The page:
5% of the estimated cost of the project

Violation of any of the RERA laws

A fine of 10% of the estimated cost of the property;
Up to 3 years imprisonment, or both

For Agents




₹10,000 per day; maximum capping at 5% of the approximate project cost

Non-compliance with the RERA Act

Daily penalty with the maximum capping at 5% of the estimated value of the project

Non-compliance with the Appellate Tribunal

Imprisonment up to 1 year or 10% of the project’s estimated cost, or both

Additional Penalties Applicable Under RERA

Additionally, concerned parties may also attract other types of penalties if they commit certain offences. They are as follows:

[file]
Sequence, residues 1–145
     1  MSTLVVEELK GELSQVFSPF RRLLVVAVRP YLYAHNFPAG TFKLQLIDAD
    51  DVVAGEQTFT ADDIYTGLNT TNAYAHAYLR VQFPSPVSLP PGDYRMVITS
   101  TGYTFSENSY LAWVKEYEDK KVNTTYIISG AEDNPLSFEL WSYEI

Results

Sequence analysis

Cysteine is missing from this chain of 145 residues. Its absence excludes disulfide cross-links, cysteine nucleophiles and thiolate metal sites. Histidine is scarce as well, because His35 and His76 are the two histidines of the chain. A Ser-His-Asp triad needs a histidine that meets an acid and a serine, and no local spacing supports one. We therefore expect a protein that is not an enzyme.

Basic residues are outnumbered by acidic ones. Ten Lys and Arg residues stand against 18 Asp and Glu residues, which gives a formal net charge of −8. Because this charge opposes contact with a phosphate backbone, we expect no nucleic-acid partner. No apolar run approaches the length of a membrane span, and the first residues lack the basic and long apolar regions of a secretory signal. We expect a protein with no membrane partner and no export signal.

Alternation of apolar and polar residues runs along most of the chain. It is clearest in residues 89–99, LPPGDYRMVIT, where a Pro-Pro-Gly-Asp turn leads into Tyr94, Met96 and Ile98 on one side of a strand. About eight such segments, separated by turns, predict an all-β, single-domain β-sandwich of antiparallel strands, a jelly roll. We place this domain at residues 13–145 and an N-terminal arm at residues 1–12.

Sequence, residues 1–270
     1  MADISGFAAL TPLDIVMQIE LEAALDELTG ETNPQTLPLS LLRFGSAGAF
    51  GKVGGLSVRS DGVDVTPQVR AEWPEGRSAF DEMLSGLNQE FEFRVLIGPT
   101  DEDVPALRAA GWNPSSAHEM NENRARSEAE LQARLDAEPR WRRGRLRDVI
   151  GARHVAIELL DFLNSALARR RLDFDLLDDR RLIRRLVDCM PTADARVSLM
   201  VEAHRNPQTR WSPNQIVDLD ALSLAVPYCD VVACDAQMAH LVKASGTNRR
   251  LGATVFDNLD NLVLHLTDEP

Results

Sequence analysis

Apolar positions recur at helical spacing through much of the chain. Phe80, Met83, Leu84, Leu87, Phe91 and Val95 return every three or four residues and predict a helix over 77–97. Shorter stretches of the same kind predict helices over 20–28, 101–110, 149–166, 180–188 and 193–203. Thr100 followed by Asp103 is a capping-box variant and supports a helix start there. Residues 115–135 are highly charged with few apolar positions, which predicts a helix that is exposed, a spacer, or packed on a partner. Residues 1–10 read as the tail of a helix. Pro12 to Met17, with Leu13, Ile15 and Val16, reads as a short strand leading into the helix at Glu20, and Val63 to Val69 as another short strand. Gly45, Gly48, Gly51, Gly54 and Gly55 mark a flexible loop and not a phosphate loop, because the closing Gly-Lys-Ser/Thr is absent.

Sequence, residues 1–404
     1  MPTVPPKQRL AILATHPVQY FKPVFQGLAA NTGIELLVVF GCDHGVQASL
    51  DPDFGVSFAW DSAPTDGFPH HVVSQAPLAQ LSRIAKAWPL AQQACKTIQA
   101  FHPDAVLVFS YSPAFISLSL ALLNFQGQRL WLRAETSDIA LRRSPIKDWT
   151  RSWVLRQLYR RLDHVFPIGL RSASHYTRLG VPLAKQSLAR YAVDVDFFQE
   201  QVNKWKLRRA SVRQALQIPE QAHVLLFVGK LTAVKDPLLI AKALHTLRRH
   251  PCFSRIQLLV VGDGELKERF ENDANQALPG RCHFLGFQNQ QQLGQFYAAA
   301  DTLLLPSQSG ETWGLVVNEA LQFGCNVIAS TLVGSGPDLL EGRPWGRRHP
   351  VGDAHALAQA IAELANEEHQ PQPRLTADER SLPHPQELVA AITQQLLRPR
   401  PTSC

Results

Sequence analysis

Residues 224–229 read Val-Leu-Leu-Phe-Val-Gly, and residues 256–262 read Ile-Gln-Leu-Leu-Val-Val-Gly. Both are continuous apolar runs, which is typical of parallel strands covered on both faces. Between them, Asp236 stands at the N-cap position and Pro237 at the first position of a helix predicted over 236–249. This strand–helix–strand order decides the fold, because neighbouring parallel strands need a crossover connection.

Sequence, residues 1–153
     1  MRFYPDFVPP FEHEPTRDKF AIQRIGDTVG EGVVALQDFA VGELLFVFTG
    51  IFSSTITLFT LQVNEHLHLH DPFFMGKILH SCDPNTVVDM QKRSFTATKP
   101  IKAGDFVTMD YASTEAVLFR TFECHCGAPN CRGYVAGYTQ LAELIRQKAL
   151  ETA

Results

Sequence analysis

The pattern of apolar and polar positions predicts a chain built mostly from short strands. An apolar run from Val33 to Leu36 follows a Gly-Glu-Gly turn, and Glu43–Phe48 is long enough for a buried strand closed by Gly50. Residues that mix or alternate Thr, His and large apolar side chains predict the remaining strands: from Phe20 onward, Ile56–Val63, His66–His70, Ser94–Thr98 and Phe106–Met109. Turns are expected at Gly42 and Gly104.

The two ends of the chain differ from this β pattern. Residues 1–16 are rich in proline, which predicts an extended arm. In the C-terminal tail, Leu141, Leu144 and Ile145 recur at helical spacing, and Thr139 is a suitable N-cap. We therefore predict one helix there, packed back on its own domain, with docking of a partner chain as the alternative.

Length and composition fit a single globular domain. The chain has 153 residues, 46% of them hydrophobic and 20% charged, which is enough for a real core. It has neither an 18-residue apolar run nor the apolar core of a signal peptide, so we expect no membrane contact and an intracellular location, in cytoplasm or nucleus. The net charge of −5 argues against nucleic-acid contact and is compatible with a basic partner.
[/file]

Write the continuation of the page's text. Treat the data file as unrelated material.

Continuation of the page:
Applicable Penalties

  • Breach of terms for which registration is obtained

  • Securing registration through fraud or misrepresentation

Section 9 (7)

Cancellation of registration number of the agent

Violation of the Appellate tribunal’s orders

Section 66

Prison term of up to 1 year or/along with a fine of up to 10% of the property cost

Violation of Section 9 and 10 of the RERA Act

Section 62

Fine of ₹10,000 for each day the amendment is not made. At the most, only 5% of the property value can be charged as fine

Violation of the orders passed by the RERA authorities

Section 65

Fine up to 5% of the property cost

The introduction of RERA is incredibly beneficial to homebuyers. It reduces the risk of fraudulent sales and discrepancies in developers’ claims. Follow Bajaj Markets to stay updated on all the aspects related to RERA as well as to get the best deals on Housing Loan Online.